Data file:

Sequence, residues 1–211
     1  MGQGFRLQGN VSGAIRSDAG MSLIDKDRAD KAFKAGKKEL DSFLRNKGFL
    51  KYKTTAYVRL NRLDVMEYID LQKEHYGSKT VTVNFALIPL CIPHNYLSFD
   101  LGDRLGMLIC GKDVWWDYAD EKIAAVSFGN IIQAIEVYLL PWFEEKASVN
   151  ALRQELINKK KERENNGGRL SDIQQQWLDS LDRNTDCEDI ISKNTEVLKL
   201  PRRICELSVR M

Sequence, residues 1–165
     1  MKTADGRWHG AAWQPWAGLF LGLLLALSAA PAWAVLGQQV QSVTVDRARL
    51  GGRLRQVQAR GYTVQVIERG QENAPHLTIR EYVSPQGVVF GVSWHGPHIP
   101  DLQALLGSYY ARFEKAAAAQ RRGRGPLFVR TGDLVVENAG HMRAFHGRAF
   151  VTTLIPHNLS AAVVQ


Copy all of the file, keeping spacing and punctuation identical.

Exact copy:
Sequence, residues 1–211
     1  MGQGFRLQGN VSGAIRSDAG MSLIDKDRAD KAFKAGKKEL DSFLRNKGFL
    51  KYKTTAYVRL NRLDVMEYID LQKEHYGSKT VTVNFALIPL CIPHNYLSFD
   101  LGDRLGMLIC GKDVWWDYAD EKIAAVSFGN IIQAIEVYLL PWFEEKASVN
   151  ALRQELINKK KERENNGGRL SDIQQQWLDS LDRNTDCEDI ISKNTEVLKL
   201  PRRICELSVR M

Sequence, residues 1–165
     1  MKTADGRWHG AAWQPWAGLF LGLLLALSAA PAWAVLGQQV QSVTVDRARL
    51  GGRLRQVQAR GYTVQVIERG QENAPHLTIR EYVSPQGVVF GVSWHGPHIP
   101  DLQALLGSYY ARFEKAAAAQ RRGRGPLFVR TGDLVVENAG HMRAFHGRAF
   151  VTTLIPHNLS AAVVQ